Sexuality is essential to human life, experienced through individual thoughts and desires, behaviors, relationships, and cultures (Robinson et al, 2002; WHO, 2006). A responsible, safe, and fulfilling sexual life experience requires a positive approach to sexuality and an understanding of the social, economic, and political factors (e.g., gender inequality and poverty) that may lead to sexual ill-health (WHO, 2006). Sexual well-being involves positive sexual expression, coupled with the possibility of satisfying and safe sexual experiences. To promote sexual health, public policy experts, health educators, physicians, and clinicians, benefit from extensive knowledge and understanding of sexual behavior including sexual aspects of relationships (e.g., sexual arousal and functioning).
Since the 1980s, research in sexual health has escalated due to the sexual revolution, advent of the HIV pandemic, and the pharmacological treatment of sexual problems. Advances in data collection methods and the assessment of sexual behavior have furthered our understanding of sexual behavior patterns and functioning. Although biological markers (e.g., incidence of sexually transmitted diseases or pregnancy) provide useful information about an individual's
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behavior, these markers are incomplete because they convey little information about the frequency, number of sexual partners, and the co-occurrence of sexual behavior with other behaviors (e.g., alcohol or drug use). Because no objective indicators are available and sexual behavior cannot readily (or ethically) be measured through direct observation, researchers often rely on self-reports of sexual behavior. Obtaining detailed and accurate self-reports of sexual behavior are necessary to fully evaluate and further develop prevention programs, assess and treat sexual problems and trauma, and inform public policy and health care (Bogart et al, 2007; Catania et al, 1990; Cecil et al, 2005; Schroder et al, 2003b; Wincze and Carey, 2001).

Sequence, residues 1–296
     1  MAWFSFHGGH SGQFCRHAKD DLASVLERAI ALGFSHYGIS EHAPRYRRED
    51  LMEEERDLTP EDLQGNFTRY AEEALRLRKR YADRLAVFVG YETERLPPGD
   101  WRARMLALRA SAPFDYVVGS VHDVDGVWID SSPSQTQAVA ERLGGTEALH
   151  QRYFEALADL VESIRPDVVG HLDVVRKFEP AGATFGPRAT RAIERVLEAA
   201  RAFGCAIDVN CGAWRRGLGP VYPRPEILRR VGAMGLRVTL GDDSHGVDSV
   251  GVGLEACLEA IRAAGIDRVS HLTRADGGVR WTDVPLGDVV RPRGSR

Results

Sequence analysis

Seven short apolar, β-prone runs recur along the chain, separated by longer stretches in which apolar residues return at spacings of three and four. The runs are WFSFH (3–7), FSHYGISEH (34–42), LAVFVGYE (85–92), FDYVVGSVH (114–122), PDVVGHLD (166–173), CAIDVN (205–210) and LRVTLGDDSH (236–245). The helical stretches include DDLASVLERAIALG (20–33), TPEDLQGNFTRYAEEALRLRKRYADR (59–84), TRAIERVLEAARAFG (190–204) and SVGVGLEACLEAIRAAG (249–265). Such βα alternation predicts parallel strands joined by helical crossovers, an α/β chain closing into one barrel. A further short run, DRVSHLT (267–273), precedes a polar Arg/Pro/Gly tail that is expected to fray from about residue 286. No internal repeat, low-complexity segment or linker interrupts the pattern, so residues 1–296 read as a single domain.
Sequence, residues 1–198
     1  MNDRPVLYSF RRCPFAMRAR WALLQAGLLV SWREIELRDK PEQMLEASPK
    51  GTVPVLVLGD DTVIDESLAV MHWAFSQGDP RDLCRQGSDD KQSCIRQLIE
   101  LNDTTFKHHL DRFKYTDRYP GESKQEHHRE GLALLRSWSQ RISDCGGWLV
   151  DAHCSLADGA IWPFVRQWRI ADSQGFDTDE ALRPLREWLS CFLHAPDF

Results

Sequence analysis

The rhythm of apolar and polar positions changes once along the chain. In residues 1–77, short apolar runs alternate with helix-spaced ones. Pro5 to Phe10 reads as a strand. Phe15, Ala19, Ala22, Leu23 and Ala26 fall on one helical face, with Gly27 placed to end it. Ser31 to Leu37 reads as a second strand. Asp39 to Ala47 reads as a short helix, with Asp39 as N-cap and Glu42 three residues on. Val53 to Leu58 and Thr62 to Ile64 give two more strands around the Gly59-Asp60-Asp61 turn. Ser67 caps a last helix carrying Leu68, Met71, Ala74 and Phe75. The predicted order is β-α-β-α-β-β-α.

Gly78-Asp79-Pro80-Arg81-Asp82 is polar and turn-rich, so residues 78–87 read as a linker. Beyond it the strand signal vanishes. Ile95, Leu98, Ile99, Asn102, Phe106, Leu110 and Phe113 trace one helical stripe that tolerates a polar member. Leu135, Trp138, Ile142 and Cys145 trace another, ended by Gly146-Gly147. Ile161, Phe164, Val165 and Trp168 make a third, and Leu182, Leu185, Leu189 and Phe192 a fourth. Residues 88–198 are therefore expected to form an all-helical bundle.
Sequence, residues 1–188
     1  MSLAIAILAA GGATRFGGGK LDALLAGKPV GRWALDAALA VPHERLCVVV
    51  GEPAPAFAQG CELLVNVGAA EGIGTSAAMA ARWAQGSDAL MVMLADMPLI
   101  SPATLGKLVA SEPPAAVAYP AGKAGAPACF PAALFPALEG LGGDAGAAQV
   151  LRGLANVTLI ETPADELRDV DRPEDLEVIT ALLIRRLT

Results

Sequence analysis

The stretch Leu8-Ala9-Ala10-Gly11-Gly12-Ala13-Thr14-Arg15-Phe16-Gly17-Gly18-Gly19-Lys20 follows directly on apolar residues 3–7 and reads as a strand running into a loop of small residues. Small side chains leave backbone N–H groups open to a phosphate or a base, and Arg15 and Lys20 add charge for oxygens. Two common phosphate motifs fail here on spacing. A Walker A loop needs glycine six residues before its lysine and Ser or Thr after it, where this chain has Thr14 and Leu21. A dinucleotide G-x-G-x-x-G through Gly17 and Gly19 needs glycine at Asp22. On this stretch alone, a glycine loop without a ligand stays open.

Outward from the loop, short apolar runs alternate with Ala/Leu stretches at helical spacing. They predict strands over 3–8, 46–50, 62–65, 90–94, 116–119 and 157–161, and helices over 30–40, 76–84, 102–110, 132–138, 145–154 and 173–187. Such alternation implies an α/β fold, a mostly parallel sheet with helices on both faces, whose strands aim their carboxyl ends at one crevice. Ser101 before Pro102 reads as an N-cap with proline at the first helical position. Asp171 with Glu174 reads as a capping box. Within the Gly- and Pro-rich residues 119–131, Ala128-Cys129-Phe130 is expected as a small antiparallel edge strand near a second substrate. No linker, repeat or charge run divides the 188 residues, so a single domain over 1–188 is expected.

Measurement of sexual behavior poses unique challenges to health researchers given (a) concerns about privacy, cultural taboos, and stigmatizing behaviors, (b) the nature of the behavior (i.e., dyadic rather than individual), and (c) motives for sexual behavior (Catania et al, 1990; Schroder et al, 2003a). Moreover, assessment of complex sexual behavior likely necessitates multiple types of assessment measures and methodology. In this chapter we address the importance of measuring sexual behaviors, measures and assessment methods, and challenges to sexual behavior measurement. We provide information about clinical interviewing and written assessments. Although we focus primarily on retrospective methods (e.g., questionnaires), we also present contemporaneous assessment methods (e.g., daily diary). We conclude by offering suggestions for improving sexual behavior assessments in future research.
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